Ontario Premier Doug Ford has accused gas stations of “price gouging” consumers on holidays and long weekends, reigniting a long-held belief among some that retailers often step on the throats of Canadian drivers during periods of high demand.
But is that really the case—and moreover, is it ever wise for governments to intervene when prices are on the rise?
Dan McTeague, senior analyst at GasBuddy, says government attempts to control prices are misguided efforts that ignore the root of the problem: a weak Canadian dollar dragged down by ironically low prices for Canadian crude oil, and increasingly slim operating margins for gasoline and diesel distributors.
“Prices have nothing to do with what (domestic) retailers are doing, and everything to do with global markets,” McTeague said.
The weak Canadian dollar alone translates into a roughly 15 per cent premium on Canadian pump prices, McTeague said. The loonie was trading around 77 cents this week compared to the U.S. greenback. In a cruel twist, the difficulty facing Kinder Morgan Canada Ltd. and TransCanada Corp. in building new export pipelines has placed a discount on domestic crude oil, hurting the value of our currency—which, in turn, has weakened Canada’s buying power of goods priced in U.S. dollars, including oil.
Shortly after winning the Ontario election, Ford put gas retailers “on notice” for price gouging, and promised that weekend price spikes were “not going to happen” under his leadership. He campaigned on a promise to reduce gas prices by 10 cents per litre across the province.
Paying no heed to the premier, average gas prices in Ontario were up $1.32 per litre last week, according to GasBuddy data, a more than 20 per cent rise from a year earlier. Prices in Alberta were $1.31, just beneath its 2008 record, and $1.46 in British Columbia.
But studies have shown that the very notion of price gouging isn’t supported by hard numbers.
“It’s something that’s persisted for a while, and we consider it a bit of a myth,” said Jason Parent, vice-president of consulting at Kent Group Ltd.
Kent published a report in 2014 that assessed gas prices in nine major Canadian markets over eight years, tracking whether prices indeed spiked ahead of long weekend and holidays. They found that prices instead remained flat during those periods, and even fell during holidays in some regions.
Parent attributes accusations of price gouging to generally higher gas prices in the summer, as well as a bad case of confirmation bias: drivers notice when prices go up, but pay no mind when they fall.
“There are a lot of holidays that come in spring and summer, when prices tend to be on the rise anyways,” Parent said.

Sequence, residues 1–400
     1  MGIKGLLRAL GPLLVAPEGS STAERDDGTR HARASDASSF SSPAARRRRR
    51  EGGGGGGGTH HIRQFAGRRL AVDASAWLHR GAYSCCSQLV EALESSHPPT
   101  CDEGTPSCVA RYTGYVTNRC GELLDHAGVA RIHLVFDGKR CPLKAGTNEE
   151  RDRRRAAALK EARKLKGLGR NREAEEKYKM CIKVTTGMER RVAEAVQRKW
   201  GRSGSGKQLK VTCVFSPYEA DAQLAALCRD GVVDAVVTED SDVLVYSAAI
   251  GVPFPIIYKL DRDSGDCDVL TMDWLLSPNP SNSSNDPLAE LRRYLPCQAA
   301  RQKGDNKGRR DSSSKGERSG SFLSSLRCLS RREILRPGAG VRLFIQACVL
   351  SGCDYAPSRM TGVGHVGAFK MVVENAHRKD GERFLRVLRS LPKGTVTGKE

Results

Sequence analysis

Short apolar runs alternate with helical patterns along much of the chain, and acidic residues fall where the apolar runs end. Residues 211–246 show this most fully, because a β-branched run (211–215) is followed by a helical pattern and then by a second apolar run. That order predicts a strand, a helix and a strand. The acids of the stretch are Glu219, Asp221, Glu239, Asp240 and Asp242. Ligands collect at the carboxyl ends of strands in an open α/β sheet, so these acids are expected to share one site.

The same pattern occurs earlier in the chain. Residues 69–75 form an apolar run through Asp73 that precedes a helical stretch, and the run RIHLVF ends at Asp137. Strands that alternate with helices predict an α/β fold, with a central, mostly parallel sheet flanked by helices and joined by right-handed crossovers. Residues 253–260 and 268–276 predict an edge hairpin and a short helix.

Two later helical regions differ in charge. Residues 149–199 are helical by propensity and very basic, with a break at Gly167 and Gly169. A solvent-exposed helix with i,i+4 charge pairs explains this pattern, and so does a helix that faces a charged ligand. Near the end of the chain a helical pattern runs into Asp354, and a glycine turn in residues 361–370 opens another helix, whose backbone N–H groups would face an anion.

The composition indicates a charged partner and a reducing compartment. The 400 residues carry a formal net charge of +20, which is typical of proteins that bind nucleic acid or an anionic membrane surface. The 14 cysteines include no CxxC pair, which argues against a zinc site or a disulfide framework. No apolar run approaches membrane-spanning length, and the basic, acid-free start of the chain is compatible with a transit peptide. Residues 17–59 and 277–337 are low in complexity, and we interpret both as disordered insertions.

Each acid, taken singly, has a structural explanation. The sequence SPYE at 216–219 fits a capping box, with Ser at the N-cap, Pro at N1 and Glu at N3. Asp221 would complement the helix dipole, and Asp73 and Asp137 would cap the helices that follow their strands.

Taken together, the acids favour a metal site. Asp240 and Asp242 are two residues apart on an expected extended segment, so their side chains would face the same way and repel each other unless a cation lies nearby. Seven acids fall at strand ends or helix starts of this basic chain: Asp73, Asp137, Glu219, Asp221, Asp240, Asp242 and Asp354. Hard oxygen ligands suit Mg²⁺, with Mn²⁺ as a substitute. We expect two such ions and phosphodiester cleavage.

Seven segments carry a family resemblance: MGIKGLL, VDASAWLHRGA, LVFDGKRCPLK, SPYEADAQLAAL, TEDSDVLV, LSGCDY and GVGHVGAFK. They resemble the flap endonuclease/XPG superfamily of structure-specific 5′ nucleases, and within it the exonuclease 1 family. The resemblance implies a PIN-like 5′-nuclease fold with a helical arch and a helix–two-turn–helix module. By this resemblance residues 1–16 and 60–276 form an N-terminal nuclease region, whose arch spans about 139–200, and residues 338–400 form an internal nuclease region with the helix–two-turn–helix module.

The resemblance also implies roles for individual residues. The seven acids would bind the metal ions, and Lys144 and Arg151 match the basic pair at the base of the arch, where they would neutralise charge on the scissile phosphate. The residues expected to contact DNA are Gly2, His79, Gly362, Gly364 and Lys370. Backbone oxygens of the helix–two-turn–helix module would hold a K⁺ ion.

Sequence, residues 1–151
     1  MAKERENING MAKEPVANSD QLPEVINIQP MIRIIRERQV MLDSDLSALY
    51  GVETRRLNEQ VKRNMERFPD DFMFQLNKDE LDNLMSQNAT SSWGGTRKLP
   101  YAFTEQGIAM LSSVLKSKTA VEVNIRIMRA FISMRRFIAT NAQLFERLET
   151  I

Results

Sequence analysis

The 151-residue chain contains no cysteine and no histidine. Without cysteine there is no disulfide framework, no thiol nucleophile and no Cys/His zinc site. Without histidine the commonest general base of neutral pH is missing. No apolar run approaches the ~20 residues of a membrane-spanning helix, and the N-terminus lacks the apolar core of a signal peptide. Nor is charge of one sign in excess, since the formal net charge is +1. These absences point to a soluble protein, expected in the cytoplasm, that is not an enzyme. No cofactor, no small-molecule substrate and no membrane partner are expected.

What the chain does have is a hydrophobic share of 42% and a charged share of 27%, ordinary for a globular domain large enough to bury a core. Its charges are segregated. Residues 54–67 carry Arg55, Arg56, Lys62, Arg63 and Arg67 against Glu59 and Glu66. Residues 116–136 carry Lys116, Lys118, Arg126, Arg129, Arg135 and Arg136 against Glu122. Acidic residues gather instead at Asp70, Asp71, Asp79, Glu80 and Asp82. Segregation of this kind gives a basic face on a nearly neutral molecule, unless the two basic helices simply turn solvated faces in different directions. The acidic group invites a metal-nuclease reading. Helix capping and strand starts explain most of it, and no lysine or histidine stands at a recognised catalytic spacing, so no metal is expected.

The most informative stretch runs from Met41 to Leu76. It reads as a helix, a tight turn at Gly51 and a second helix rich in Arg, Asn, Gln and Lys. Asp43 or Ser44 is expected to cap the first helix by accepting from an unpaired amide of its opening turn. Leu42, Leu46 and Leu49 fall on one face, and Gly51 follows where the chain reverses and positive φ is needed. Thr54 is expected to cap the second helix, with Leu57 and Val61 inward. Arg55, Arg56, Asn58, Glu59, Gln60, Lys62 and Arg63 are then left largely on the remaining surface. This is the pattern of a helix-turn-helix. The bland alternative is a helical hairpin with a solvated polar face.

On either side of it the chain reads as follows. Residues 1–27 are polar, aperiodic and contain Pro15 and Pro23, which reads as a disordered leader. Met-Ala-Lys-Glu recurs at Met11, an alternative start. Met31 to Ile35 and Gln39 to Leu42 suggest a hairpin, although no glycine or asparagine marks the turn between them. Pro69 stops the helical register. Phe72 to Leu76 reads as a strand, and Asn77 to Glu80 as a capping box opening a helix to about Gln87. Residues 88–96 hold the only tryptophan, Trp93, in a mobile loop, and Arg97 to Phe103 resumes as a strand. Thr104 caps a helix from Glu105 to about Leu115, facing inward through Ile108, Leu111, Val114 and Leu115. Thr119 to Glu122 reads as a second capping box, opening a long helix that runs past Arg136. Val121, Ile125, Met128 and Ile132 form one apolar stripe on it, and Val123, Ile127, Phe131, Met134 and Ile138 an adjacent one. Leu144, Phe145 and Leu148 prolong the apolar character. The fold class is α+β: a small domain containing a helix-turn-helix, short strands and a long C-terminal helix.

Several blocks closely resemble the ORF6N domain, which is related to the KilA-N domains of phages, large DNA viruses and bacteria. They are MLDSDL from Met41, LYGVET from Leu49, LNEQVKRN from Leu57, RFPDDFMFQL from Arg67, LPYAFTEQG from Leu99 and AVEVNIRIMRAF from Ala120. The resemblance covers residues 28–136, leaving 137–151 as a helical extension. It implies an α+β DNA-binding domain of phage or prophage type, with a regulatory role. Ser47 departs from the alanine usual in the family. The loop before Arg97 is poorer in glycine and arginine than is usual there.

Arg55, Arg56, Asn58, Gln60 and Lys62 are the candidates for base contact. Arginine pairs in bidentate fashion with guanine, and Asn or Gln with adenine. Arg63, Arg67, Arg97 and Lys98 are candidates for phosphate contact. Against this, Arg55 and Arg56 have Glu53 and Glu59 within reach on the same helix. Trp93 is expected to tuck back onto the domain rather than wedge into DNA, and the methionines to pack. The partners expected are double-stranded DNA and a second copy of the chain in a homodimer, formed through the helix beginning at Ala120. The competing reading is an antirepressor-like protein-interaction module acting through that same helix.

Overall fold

Even so, retailers no doubt raise gas prices over generally high-demand periods, McTeague said. Consumers see frequent price spikes due mainly to so-called “gas wars,” in which retailers initially drive down their prices in a bid to attract more customers—only to suddenly raise them in order to recoup costs.
Costs for wholesale supplies are mainly the same across the board, so any fluctuations are typically due to retailers aiming to stay within their roughly 10 per cent operating margins.
“It’s the last 12 cents that’s the only thing that goes up and down like an elevator,” McTeague said.
A spokesperson for the Canadian Fuels Association declined to comment specifically on pump prices, noting that most retail sites are independently owned.
It said gas prices fluctuate based on a number of factors, including crude oil prices, taxes, wholesale prices and retailer markups. The group represents distributors such as Husky Energy Inc., Parkland Fuel Corp. and Petro-Canada Lubricants Inc.
Canadian gas prices remain high compared to the U.S., largely due to its more burdensome tax regime. According to its website, Royal Dutch Shell Plc said between 25 and 35 per cent of its input costs for gasoline and diesel production are federal, provincial and municipal taxes. The company said its other input costs include raw materials like crude oil (45-55 per cent); refiner’s margins (10-25 per cent); and retailer margins (4-6 per cent).
Still, Canadian gas prices are low compared to other developed nations. Average price for a litre of gasoline in Canada stood at US$1.02 in June 2018, compared with US$1.37 in Japan and US$1.69 in Germany, according to the Paris-based International Energy Agency. Prices in the U.S. averaged US$0.76.
High prices at the pump have prompted various government’s to offer solutions, including Ford’s recent promise to trim 10 cents off of every litre of gas.
Analysts say Ford’s recent move to scrap the province’s cap-and-trade program will make some inroads towards meeting that goal, lowering gasoline prices by 4.3 cents per litre and diesel by 6.7 cents per litre. The rest would have to be made up elsewhere, potentially by trimming gas taxes.
Other political figures in Ontario have opted for more interventionist strategies. NDP MPP Gilles Bisson tabled a private member’s bill last week that aimed to reduce gas prices by “implementing predictable and consistent retail pricing of petroleum products,” among other measures. The Ontario Energy Board would be responsible for monitoring and administering the measure.
“Prices spike whenever these companies decide to raise them, and family budgets are at their mercy,” Bisson said in a statement Tuesday. “It’s time to get these price hikes under control so Ontario drivers and their families can have peace of mind – and a healthier cost of living.”
McTeague said Bisson’s proposed price regulations do not guarantee lower prices at the pump, as they could restrict companies’ ability to maintain operating margins, in turn raising the average price of gasoline and diesel over time.
“The idea is dumber than a bag of hammers,” McTeague said. “It’s actually going to lead to higher prices rather than lower prices.”
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